13. In describing the manner how he got the statement recorded, P.W. 6 stated that he put the questions in Sindhi, Jyoti replied them in Sindhi, then he translated the questions and answers in Hindi to the constable who recorded them in Marathi. After the statement of Jyoti was so recorded he read over the same to her in Sindhi and then took her thumb impression thereon. He lastly stated that both he and Dr. Ingale signed the statement. The statement so recorded was marked Exhibit 7. In cross-examination P.W. 6 stated that the dying declaration was always recorded by a Constable on his dictation and since Sindhi was his mother tongue he got it recorded in Sindhi in the instant case. He further stated that he felt that being a Sindhi, Jyoti would know Sindhi and hence her dying declaration was explained to her in Sindhi. He denied the defence suggestion that it was read over to her in Hindi. When his attention was drawn to an endorsement made on Ex. 7 to the effect that the same was read over to

Jyoti in Hindi he stated that that was not correct. He lastly denied the suggestion that Jyoti did not make the statement as appearing in Exhibit 7.

14. Exhibit 7 undoubtedly supports the prosecution case in as much as it contains, inter alia, a statement that on July 27, 1989 at 11.30 in the night, in course of an altercation between Jyoti and her husband over family expenses, her husband and father-in-law poured kerosene oil on her body and set her on fire. If this dying declaration can be believed, it can certainly be made the sole basis of conviction. The moot question, therefore, is whether this dying declaration can be safely relied upon to sustain the conviction and sentence recorded against the appellants.

15. In assailing the above dying declaration it was first contended on behalf of the appellant that having regard to the fact that Jyoti had sustained 100% burn and to the nature of internal injuries she sustained, as evidenced by the post-mortem examination report, she could not have made a detailed statement as appearing in Exhibit 7. It was next contended that in view of the manner in which the statement was recorded it could not be emphatically said that what was stated by Jyoti was recorded therein. In elaborating this contention it was submitted that an unusual procedure was adopted in the instant case in recording the dying declaration in as much as the patient made statements in Sindhi in answer to questions put in Sindhi. All the questions and answers where then translated into Hindi by P.W. 6 to enable the Constable to record he same in Marathi after translating from Hindi. While on this point it was also submitted that the process was reversed, if the evidence of P.W. 6 was to be believed, while explaining the contents thereof and getting the approval of a proper translation from the deponent. Another infirmity that was brought to our notice about the dying declaration was that even though P.W. 6 asserted that he had read over and explained the contents of the dying declaration to the deceased in Sindhi, the endorsement in the dying declaration clearly showed that it was read over and explained in Hindi, and not in Sindhi.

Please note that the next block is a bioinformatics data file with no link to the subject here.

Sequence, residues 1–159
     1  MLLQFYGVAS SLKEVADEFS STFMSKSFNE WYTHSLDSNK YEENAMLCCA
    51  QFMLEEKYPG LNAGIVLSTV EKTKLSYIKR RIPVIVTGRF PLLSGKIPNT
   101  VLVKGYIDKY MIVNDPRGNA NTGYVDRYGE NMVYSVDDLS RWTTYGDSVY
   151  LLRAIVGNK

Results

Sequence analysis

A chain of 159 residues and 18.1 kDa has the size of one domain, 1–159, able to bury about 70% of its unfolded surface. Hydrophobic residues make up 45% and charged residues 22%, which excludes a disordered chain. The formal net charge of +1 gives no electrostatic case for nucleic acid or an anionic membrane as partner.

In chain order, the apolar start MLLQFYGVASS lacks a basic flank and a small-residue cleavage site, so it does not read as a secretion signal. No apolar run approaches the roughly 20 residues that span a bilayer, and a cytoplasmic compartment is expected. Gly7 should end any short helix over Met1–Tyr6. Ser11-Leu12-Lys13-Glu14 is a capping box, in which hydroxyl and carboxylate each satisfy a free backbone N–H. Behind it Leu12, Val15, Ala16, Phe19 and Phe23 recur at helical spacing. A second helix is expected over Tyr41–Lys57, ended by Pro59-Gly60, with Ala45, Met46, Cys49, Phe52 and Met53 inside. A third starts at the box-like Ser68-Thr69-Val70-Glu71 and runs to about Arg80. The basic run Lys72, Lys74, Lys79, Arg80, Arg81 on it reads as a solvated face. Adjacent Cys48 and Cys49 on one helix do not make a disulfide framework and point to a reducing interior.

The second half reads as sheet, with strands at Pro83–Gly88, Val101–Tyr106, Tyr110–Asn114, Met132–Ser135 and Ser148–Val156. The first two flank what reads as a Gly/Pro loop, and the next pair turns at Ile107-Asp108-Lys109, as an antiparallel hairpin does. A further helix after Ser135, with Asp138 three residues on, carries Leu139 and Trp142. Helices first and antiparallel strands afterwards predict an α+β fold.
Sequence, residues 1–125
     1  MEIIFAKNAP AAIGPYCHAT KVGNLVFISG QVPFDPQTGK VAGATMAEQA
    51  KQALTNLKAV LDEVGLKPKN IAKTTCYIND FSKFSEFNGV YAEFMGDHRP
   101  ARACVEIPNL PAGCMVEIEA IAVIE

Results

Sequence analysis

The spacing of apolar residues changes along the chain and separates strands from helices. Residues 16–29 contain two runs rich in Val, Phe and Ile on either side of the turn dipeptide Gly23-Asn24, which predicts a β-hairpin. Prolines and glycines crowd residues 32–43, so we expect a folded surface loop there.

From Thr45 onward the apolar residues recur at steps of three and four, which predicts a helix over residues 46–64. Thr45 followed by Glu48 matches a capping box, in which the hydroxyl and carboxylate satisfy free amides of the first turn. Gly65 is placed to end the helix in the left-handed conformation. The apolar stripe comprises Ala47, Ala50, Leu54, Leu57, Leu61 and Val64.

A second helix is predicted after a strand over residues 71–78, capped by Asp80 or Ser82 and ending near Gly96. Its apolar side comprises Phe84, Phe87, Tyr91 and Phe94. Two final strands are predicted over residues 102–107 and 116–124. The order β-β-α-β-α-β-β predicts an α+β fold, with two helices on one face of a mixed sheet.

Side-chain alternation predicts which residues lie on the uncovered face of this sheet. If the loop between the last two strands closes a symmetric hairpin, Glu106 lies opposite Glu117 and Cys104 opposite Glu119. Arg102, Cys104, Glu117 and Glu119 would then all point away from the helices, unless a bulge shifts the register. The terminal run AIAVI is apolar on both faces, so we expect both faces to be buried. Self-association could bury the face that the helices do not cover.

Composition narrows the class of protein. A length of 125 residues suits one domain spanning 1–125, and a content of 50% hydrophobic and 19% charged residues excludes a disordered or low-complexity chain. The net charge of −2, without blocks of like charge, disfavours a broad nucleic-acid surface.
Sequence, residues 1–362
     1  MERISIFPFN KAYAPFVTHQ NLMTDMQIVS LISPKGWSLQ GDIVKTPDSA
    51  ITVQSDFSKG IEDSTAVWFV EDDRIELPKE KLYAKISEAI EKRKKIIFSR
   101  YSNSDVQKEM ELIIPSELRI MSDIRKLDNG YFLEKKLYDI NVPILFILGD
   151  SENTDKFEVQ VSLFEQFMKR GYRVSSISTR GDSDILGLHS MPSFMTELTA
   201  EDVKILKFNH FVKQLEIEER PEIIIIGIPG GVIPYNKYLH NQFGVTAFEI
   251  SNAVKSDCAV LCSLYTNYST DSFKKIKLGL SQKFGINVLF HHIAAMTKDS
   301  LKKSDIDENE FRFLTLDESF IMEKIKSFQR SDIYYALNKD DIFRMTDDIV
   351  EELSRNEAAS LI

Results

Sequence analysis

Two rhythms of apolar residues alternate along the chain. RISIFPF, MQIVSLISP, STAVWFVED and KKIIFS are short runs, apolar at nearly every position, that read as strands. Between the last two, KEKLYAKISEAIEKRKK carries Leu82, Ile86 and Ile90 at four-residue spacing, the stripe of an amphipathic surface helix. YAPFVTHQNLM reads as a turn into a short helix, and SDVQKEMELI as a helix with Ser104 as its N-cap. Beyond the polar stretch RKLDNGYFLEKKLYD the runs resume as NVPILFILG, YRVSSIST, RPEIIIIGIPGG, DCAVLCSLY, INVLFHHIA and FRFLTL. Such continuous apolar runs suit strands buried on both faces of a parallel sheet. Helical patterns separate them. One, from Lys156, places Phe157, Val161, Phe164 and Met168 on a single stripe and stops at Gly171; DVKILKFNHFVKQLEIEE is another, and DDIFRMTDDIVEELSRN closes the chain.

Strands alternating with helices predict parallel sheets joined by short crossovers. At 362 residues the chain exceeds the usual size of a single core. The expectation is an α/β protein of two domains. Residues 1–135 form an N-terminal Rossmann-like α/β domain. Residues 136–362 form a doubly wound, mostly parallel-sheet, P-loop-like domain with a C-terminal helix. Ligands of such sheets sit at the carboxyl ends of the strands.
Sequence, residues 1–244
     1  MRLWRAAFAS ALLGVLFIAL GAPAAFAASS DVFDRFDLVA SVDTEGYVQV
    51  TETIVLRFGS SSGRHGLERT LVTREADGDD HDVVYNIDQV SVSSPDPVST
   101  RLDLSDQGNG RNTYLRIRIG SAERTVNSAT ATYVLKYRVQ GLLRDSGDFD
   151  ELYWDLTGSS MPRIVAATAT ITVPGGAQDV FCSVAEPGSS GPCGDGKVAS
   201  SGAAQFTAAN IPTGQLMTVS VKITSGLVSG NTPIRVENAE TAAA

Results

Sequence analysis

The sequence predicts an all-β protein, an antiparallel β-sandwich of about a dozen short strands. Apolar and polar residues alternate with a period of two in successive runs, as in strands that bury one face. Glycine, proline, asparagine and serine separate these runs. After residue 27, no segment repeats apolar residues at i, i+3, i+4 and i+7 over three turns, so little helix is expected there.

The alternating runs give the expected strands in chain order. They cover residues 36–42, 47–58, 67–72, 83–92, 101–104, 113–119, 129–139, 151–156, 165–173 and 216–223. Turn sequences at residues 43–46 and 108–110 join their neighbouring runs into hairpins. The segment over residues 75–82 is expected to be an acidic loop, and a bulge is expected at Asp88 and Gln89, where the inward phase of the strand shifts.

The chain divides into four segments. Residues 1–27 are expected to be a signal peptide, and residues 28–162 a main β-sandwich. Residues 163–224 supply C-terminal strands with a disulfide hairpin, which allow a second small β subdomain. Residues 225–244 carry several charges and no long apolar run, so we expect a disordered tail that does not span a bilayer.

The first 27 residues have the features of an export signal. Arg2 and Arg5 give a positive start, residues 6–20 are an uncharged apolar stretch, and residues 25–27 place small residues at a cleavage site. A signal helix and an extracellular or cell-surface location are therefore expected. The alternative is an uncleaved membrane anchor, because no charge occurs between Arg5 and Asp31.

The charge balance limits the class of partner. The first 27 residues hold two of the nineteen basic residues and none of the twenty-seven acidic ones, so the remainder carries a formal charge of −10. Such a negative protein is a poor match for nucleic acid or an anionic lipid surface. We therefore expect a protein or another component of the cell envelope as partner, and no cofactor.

16. Having carefully considered the dying declaration (Exhibit 7) in the light of the other materials on record, we are constrained to say that it does not inspire confidence so as to make it the sole basis for upholding the order of conviction and sentence recorded against the appellants.

17. From Exhibit 7, which appears to have been recorded between 8.00 a.m. and 8.30 a.m., we find that after stating as to how she sustained the injuries, Jyoti made a further statement which, when translated in English, reads as follows :

"After the incident I was taken to the Sadanand Hospital, Ulhasnagar-5 and my husband admitted me in the hospital and from there I was taken by ambulance by my husband to Central Hospital, Ulhasnagar, on 28-7-89 at 7.40 O' clock in the morning."

18. Admittedly Jyoti had sustained 100% burn. This apart, the report of the postmortem examination discloses that most of her organs including the brain were congested and the evidence of Dr. Ingale (P.W. 7) shows that Jyoti was in great pain and agony when she was brought to the Central Hospital at 7.45 a.m. Such being the state of her health when she was brought to the hospital, it is difficult for us to believe that she would be in a position to tell the names of the hospitals were she had been taken including the postal zone number of the first hospital as also the exact time of her arrival at the second hospital. In view of such wealth of details and extremely coherent nature of the dying declaration, we find it difficult to believe that the deceased, even if conscious, could have made such a statement.

19. The above finding of ours is sufficient to discard the dying declaration but then we cannot but comment upon the manner in which it was recorded.

20. It is rather surprising that instead of cording the statement himself, P.W. 6 entrusted the job to a police constable. If P.W. 6 is to be believed, the questions were asked and answers given in Sindhi, then they were translated in Hindi to the constable who recorded the same in Marathi. That necessarily means that the constable again translated them from Hindi to Marathi. To explain the statements thus recorded in Marathi to the deponent obviously the entire process was required to be reversed. The confusion so created was worse confounded by an endorsement appearing in Exhibit 7 to the effect that it was read over and explained to the deceased in Hindi and not in Sindhi as deposed to by P.W. 6. No firm conclusion can, therefore, be drawn that Exhibit 7 correctly reproduces the questions asked and answers given by the deceased.

21. On the conclusions as above, we allow the appeal, set aside the order of conviction and sentence recorded against the appellants and acquit them of the charge levelled against them. Let the appellants, who are in jail, be released forthwith.

Appeal Allowed